RNA fluorescent in situ hybridization (FISH)
The subcellular localization of LINC00485 in LAC cells was identified by FISH according to the instructions of Ribo™ lncRNA FISH Probe Mix (Red) (RiboBio Company, Guangzhou, China). The cover glass was placed in a 24-well plate, and the cells were seeded at a density of 6 × 104 cells/well. The cover glass was fixed with 1 mL 4% polyformaldehyde. Following treatment with protease K (2 μg/mL), glycine, and acetylation reagents, 250 μL of pre-hybridization solution was added to the cells for 1 h of incubation at 42 °C. The pre-hybridization solution was removed, and the cells were incubated with 250 μL of hybridization solution, which contained 300 ng/mL, and was probed at 42 °C overnight. Cells were then added with phosphate-buffered saline/Tween (PBST), and diluted with 4′,6-diamidino-2-phenylindole (DAPI) (1:800) in order to stain the nucleus. Following the staining period, cells were then seeded into a 24-well plate for a staining period which lasted 5 min. Cells were then sealed with anti-fluorescence quencher, observed and photographed under a fluorescence microscope (Olympus, Tokyo, Japan) with 5 different fields.
Dual luciferase reporter gene assay
In order to predict the target genes of miR-195, a bioinformatics prediction website was used. The 3′-untranslated region (3′ UTR) sequence of CHEK1 and LINC00485 was obtained via PCR amplification. The target segments were digested via the Xho I and Not I restriction endonuclease, and cloned into the pmirGLO vector (3577193, Promega, Madison, WI, USA) on the downstream of the luciferase reporter gene. The vectors were labeled as pCHEK1-wide-type (Wt) and pLINC00485-Wt, with the plasmids being purified following the sequencing period. The sequence of LINC00485-Wt was 5′-TCCACTTTTTCACATTGCTGTTT-3′ and that of CHEK1-Wt was 5′-AATATAGTGCTGCTATGTTGACA-3′. After that, pCHEK1-mutant-type (Mut) and pLINC00485-Mut were constructed. The sequence of LINC00485-Mut was 5′-TCGGCTTAATCACACGATGATGT-3′ and the sequence of CHEK1-Mut was 5′-AATATAGTGCAATGTTGTTGACG-3. The plasmids were co-transfected with miR-195 mimic or miR-195 NC into LAC cells, respectively. The cells were lysed for 24 h following transfection, and centrifuged at 25,764×g for 1 min in order to collect the supernatant. The Dual-Luciferase® Reporter Assay System (E1910, Promega, Madison, Wisconsin, USA) was applied in order to measure the luciferase activity. Each sample was added with 100 μL of firefly luciferase working solution in order to detect the activity of firefly luciferase. Another 100 μL of renilla luciferase working solution was also added in order to detect the renilla luciferase activity. The firefly luciferase activity rate to renilla luciferase activity rate was used as the relative luciferase activity.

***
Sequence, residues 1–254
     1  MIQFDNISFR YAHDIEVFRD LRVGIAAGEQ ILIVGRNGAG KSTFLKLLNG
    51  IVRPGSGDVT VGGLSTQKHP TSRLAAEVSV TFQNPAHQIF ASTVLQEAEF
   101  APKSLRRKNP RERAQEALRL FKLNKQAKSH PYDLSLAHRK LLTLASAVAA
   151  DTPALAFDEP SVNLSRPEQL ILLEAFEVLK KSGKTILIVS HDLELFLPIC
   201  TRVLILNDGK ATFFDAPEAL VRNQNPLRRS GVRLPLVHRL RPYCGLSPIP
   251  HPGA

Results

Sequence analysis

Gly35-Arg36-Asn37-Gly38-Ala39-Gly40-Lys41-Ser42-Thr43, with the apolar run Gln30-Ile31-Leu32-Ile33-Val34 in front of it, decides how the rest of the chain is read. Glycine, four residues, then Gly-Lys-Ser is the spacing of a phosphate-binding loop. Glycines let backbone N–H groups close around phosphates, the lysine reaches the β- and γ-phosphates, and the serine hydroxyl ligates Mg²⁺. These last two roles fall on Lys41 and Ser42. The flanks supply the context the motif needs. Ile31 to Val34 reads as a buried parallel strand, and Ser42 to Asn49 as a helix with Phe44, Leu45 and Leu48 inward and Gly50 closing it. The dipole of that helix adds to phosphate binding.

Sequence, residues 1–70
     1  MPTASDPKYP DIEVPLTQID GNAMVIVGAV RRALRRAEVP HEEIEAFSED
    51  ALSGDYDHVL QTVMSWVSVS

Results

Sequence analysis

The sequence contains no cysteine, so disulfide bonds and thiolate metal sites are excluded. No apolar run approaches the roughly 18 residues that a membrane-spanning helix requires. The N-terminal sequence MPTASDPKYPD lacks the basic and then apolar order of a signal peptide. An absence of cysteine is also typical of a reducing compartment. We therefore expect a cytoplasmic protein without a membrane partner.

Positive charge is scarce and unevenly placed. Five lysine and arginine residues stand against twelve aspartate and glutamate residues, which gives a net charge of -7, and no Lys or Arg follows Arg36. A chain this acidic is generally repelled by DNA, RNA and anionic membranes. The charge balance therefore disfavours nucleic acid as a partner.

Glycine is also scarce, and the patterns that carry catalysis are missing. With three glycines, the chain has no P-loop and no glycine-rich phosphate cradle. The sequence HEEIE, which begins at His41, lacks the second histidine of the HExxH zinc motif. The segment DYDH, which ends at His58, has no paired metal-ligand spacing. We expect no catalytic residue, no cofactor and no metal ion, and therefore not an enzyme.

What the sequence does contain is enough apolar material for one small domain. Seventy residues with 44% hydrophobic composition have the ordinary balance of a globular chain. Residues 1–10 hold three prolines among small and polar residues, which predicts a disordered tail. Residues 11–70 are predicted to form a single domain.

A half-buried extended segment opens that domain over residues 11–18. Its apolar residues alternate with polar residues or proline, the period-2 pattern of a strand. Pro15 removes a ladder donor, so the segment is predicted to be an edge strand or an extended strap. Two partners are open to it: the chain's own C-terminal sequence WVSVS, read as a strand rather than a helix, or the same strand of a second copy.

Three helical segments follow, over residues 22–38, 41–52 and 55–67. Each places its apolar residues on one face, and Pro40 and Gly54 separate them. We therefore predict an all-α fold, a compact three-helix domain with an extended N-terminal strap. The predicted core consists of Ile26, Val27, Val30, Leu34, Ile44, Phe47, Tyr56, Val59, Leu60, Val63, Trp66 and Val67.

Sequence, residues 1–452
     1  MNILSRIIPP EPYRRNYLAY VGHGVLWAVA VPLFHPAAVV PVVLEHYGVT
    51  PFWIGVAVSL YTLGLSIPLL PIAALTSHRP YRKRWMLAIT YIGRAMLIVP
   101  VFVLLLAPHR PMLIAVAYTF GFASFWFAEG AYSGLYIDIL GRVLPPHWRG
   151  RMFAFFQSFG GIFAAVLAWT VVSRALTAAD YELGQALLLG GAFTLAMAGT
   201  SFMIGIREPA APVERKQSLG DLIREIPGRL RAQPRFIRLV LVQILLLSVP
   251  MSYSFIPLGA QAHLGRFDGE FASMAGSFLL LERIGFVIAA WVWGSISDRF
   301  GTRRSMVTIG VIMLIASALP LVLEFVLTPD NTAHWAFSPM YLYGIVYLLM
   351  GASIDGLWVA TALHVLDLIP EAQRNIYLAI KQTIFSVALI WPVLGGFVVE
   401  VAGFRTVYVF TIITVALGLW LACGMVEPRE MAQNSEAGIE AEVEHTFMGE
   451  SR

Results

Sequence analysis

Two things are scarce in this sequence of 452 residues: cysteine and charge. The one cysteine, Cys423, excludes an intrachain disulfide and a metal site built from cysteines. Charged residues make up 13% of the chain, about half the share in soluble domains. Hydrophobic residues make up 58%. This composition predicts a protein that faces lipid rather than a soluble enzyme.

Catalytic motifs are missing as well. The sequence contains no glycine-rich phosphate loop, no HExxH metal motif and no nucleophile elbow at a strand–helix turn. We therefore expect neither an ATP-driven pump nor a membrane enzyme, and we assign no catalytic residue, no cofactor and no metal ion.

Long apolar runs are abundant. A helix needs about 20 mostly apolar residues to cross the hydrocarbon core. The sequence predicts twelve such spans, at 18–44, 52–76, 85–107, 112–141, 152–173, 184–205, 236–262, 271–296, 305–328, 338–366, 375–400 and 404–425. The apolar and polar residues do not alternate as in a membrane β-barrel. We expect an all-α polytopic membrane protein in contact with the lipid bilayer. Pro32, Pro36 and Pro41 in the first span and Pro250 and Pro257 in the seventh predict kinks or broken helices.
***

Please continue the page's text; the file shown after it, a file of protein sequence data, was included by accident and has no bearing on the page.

RNA immunoprecipitation (RIP)
The binding of LINC00485 and argonaute 2 (AGO2) protein was verified and conducted according to the instructions of the RIP kit (Millipore Inc., Bedford, MA, USA). Part of the cell extract was used as the input, and the other part was incubated with the antibodies and magnetic beads. The magnetic beads-antibody complexes were re-suspended in 900 μL of RIP wash buffer. In order to collect the magnetic bead-protein complexes, the samples were put on to a magnetic base. RNAs in the samples and input were separately extracted after the detachment by protease K for the subsequent PCR detection. The antibodies for RIP included AGO2 (ab32381, 1:50, Abcam Inc., Cambridge, MA, USA), and immunoglobulin G (IgG) (1:100, ab109489, Abcam Inc., Cambridge, MA, USA) was used as the NC.
RNA pull down